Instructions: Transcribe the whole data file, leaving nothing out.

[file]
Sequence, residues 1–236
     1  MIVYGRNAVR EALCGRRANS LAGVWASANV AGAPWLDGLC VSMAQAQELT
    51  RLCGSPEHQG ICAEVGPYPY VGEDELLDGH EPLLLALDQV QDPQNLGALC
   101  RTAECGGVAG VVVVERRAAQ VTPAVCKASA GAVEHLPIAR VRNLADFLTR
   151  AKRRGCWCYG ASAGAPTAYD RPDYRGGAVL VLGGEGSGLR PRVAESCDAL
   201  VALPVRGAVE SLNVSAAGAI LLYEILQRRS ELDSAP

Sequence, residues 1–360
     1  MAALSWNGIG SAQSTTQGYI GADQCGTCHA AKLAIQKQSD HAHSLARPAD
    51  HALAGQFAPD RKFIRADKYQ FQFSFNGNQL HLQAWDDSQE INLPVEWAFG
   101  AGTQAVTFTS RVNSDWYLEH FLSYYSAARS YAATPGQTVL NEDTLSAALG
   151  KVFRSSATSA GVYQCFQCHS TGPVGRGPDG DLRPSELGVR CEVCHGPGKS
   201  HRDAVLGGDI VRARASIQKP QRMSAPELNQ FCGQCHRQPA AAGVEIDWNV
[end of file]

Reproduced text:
Sequence, residues 1–236
     1  MIVYGRNAVR EALCGRRANS LAGVWASANV AGAPWLDGLC VSMAQAQELT
    51  RLCGSPEHQG ICAEVGPYPY VGEDELLDGH EPLLLALDQV QDPQNLGALC
   101  RTAECGGVAG VVVVERRAAQ VTPAVCKASA GAVEHLPIAR VRNLADFLTR
   151  AKRRGCWCYG ASAGAPTAYD RPDYRGGAVL VLGGEGSGLR PRVAESCDAL
   201  VALPVRGAVE SLNVSAAGAI LLYEILQRRS ELDSAP

Sequence, residues 1–360
     1  MAALSWNGIG SAQSTTQGYI GADQCGTCHA AKLAIQKQSD HAHSLARPAD
    51  HALAGQFAPD RKFIRADKYQ FQFSFNGNQL HLQAWDDSQE INLPVEWAFG
   101  AGTQAVTFTS RVNSDWYLEH FLSYYSAARS YAATPGQTVL NEDTLSAALG
   151  KVFRSSATSA GVYQCFQCHS TGPVGRGPDG DLRPSELGVR CEVCHGPGKS
   201  HRDAVLGGDI VRARASIQKP QRMSAPELNQ FCGQCHRQPA AAGVEIDWNV